A helping hand to refugees and immigrants

A helping hand to refugees and immigrants

We fully support an extensive refugee integration programme

The process of good and effective integration can last years – in many cases way beyond actual naturalisation and often extending to second or third generations.

It is commitment to succeed that underpins the process where receiving societies undertake to welcome refugees and provide them with opportunities to become familiar with the language, to recognise the basic values of that country, its customs and social/economic framework. It is important that refugees show a determination to become part of the host society and become a contributing member of it, through a good work ethic and desire to educate themselves.

Each and every asylum seeker arrives in a host country with differing circumstances with an individual story to tell and background. That is why effective and sustained integration programmes are an investment in the future – for both migrant and for the state in which they make their new home. Well planned and interactive integration give refugees the right start, enabling them to acquire vital skills to become self-sufficient and ready to give something back to the host, even if that process takes time. For this reason all the efforts made are well worth it.

The return on investment for society is that refugees become better-equipped citizens capable of contributing to society in a variety of different ways, capitalising on their individualism and character to the benefit of not only themselves but the many.

Due to their vulnerability, refugees need to be treated in a way that respects their particular needs. Unlike regular migrants, they come to a given country because they are in need of protection, often with no assets. They do not have a place to live, a job, or a plan for what they should do. They cannot return to their country of origin perhaps due to a real threat of being persecuted, tortured or even killed.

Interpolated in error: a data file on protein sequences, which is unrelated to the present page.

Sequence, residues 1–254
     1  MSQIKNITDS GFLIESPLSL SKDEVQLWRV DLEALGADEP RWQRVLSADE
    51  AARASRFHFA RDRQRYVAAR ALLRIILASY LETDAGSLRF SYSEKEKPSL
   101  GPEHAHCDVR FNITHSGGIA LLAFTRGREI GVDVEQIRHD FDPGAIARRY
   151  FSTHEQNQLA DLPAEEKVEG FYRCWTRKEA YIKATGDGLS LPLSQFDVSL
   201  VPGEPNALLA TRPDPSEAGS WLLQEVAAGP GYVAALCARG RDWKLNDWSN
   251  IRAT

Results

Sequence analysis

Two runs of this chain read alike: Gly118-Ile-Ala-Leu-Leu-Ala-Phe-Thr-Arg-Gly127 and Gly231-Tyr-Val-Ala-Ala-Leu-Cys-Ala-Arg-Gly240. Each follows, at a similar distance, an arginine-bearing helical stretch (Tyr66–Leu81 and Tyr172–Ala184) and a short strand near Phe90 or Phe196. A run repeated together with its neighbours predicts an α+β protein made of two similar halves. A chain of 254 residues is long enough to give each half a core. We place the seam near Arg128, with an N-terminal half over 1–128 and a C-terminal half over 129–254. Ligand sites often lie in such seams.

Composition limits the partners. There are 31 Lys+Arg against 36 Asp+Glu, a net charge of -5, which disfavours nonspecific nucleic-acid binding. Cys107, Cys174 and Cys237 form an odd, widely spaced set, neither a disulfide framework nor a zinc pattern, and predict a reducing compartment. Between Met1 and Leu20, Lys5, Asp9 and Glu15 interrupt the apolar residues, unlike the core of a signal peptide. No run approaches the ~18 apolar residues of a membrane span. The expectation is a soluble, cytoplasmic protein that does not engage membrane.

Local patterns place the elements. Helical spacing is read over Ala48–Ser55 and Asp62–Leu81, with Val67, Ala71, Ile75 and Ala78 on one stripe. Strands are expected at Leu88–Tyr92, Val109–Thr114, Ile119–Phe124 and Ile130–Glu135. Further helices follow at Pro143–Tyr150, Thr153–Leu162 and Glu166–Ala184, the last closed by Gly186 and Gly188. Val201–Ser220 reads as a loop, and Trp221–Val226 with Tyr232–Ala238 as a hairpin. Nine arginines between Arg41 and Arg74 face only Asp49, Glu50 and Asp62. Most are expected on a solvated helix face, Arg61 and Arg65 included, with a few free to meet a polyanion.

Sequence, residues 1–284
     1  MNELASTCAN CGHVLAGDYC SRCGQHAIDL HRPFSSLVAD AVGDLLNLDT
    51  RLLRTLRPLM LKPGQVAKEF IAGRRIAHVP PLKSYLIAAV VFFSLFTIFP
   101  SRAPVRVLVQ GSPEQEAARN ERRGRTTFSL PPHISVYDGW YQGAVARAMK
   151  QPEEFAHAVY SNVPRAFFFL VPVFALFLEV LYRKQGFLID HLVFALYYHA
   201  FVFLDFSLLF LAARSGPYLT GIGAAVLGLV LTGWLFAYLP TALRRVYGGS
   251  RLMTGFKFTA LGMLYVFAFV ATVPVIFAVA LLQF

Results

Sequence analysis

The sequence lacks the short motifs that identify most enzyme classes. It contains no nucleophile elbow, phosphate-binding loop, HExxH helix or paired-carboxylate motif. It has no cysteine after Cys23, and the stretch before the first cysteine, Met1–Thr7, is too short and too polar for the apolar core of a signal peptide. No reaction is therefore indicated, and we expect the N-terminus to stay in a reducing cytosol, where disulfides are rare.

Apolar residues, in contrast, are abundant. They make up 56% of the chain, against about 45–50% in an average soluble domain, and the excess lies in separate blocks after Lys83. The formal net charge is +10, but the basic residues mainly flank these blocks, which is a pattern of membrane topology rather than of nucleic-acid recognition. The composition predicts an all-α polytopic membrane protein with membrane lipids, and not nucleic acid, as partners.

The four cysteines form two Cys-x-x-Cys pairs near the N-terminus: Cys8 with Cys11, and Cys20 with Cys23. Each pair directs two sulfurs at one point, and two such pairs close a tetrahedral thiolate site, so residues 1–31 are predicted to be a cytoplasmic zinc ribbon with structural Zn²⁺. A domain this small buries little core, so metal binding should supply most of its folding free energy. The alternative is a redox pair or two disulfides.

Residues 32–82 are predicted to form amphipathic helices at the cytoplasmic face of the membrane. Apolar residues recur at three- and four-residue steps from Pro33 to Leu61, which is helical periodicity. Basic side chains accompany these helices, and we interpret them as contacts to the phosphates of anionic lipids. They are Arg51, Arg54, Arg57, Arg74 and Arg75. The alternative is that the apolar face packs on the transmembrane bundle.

According to the Article 1A (para. 2) of the Geneva Convention:

A refugee is a person, who owing to a well-founded fear of being persecuted for reasons of race, religion, nationality, membership of a particular social group or political opinion, is outside the country of his nationality and is unable or, owing to such fear, is unwilling to avail himself of the protection of the country, or who, not having a nationality and being outside the country of his former habitual residence as a result of such events, is unable or, owing to such fear, is unwilling to return to it. Therefore, apart from regular assistance, refugees need additional and targeted help to enable them to start a new and stable life. The experiences of many European countries prove that the individual integration programs seem to be one of the most efficient measures to implement in order to meet a refugees’ needs. Finally, each person is different, and only individual integration program can respond to specific individual needs and interests.

When integration may fail